This pot of honey comes from bees in a hive on our nearby allotments.
I have never tasted honey like it.
It starts off honey-ish and sweet and ends with interesting tastes, almost floral.
Bees – like most of us – do not like pesticide-sprays that spoil their food. So they thrive in a chemical-free environment, such as organic farms.
As the largest British survey found, there is more wildlife on organic farms.
Yet this common-sense evidence is being ignored.
As you probably know, the honey bee is under threat from Colony Collapse Disorder, a mysterious disease which leaves hives deserted. Have the bees gone off to die? No one knows.
A lot of our food sources depend on insect/bee pollination so we mess with honey bees at our peril.
Research indicates that the industrial farming of bees is bad for bees: large-scale transportation of hives, pesticide-spraying and, possibly, genetic modification – at least in the US where GM plants are commercially-grown – is damaging the health of bees.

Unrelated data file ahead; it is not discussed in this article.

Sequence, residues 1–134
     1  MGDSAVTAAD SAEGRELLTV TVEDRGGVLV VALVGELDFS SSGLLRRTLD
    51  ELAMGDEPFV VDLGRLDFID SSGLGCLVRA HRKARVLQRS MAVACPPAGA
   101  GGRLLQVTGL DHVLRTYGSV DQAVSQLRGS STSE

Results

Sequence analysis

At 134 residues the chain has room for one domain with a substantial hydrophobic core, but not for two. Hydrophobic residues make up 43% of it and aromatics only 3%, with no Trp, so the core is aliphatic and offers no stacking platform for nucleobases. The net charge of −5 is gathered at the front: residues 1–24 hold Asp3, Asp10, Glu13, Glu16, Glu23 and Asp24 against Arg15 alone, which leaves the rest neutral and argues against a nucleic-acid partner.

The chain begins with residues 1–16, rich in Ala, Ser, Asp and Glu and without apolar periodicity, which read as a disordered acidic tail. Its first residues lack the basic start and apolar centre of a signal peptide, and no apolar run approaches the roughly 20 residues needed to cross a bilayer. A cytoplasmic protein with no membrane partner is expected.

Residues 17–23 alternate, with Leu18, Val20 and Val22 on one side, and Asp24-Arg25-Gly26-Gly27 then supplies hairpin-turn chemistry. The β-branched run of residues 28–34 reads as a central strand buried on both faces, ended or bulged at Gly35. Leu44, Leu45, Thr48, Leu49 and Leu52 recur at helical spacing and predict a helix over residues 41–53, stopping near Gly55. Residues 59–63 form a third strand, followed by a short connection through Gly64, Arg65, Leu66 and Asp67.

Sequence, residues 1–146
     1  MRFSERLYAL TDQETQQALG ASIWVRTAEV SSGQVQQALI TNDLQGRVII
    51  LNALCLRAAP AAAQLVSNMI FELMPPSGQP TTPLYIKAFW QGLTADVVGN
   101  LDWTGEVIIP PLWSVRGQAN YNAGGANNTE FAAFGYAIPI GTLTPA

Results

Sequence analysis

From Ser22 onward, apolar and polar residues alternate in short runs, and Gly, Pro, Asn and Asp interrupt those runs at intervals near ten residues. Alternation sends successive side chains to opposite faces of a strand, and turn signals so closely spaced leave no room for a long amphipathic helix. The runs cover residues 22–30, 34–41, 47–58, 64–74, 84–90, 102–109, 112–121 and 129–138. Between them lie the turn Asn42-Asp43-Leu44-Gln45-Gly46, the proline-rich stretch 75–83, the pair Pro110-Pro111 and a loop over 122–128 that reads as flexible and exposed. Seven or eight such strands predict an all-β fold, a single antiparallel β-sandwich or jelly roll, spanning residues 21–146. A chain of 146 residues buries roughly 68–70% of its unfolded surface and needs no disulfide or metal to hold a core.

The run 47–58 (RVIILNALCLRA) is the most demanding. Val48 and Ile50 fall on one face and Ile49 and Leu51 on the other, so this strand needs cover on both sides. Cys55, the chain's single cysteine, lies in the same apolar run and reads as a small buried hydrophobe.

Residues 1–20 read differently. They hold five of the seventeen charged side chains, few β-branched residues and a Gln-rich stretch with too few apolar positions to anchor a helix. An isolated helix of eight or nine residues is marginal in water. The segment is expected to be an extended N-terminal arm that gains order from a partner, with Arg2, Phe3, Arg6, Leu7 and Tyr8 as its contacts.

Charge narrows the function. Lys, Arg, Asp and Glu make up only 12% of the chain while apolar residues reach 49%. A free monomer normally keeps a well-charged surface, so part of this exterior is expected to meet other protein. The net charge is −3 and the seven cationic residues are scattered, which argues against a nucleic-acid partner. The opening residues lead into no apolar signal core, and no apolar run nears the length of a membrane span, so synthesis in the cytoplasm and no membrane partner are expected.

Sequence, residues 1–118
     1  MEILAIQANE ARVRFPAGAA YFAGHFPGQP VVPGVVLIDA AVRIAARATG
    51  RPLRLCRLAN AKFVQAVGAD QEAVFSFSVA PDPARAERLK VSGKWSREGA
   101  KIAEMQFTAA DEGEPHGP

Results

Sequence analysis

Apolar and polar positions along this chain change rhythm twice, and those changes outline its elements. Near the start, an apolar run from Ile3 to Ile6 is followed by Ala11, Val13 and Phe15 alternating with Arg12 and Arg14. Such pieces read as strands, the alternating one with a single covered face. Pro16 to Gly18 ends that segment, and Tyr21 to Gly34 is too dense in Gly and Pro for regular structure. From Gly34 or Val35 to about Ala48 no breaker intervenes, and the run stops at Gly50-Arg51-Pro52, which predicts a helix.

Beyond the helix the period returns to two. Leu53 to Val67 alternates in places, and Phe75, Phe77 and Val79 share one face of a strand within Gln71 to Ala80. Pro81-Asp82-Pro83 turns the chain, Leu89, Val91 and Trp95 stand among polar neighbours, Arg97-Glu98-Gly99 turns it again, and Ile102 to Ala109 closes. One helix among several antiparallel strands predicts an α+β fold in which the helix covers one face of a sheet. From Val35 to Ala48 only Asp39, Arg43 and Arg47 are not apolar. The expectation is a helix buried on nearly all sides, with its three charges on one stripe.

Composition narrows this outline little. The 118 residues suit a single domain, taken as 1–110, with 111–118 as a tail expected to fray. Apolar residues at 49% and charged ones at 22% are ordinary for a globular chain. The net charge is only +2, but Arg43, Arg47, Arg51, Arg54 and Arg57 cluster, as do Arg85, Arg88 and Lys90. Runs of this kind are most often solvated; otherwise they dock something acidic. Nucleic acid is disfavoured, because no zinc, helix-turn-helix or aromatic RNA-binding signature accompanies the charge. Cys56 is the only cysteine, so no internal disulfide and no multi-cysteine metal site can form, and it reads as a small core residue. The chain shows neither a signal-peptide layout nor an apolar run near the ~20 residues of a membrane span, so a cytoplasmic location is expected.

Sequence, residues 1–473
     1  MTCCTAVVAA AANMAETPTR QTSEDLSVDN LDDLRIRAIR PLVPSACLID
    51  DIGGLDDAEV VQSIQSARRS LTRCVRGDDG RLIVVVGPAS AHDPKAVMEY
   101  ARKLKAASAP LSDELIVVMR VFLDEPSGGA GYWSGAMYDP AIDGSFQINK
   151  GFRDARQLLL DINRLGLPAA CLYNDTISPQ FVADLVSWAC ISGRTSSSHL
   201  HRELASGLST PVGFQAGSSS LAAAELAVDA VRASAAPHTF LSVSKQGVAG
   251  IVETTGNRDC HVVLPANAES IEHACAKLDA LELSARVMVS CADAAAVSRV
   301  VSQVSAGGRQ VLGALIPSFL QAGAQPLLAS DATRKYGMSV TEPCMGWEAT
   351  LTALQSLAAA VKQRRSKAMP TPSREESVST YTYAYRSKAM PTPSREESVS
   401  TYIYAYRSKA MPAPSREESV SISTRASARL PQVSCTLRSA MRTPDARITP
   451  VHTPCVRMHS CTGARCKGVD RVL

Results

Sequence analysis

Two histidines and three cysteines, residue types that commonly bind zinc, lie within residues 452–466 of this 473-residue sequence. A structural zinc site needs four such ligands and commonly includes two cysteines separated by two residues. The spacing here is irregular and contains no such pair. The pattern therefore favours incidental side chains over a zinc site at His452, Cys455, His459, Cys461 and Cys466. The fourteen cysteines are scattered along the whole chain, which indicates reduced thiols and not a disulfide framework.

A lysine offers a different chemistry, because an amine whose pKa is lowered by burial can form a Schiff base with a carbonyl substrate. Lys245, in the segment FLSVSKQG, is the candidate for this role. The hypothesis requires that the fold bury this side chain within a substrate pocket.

Now to make matters worse, I now hear, thanks to the Ecologist, that the very company, Syngenta, that manufactures the bee-killing pesticide is also breeding bees.
For some reason, this reminds me of pharmaceutical giant Astra Zeneca,which makes the breast cancer drug tamoxifen, ALSO produces pesticides, including organochlorine acetochlor, implicated in breast cancer. Astra Zeneca is a keen sponsor of Breast Cancer Awareness Month.
Can you get your head round this? Answers in the comments box gratefully received.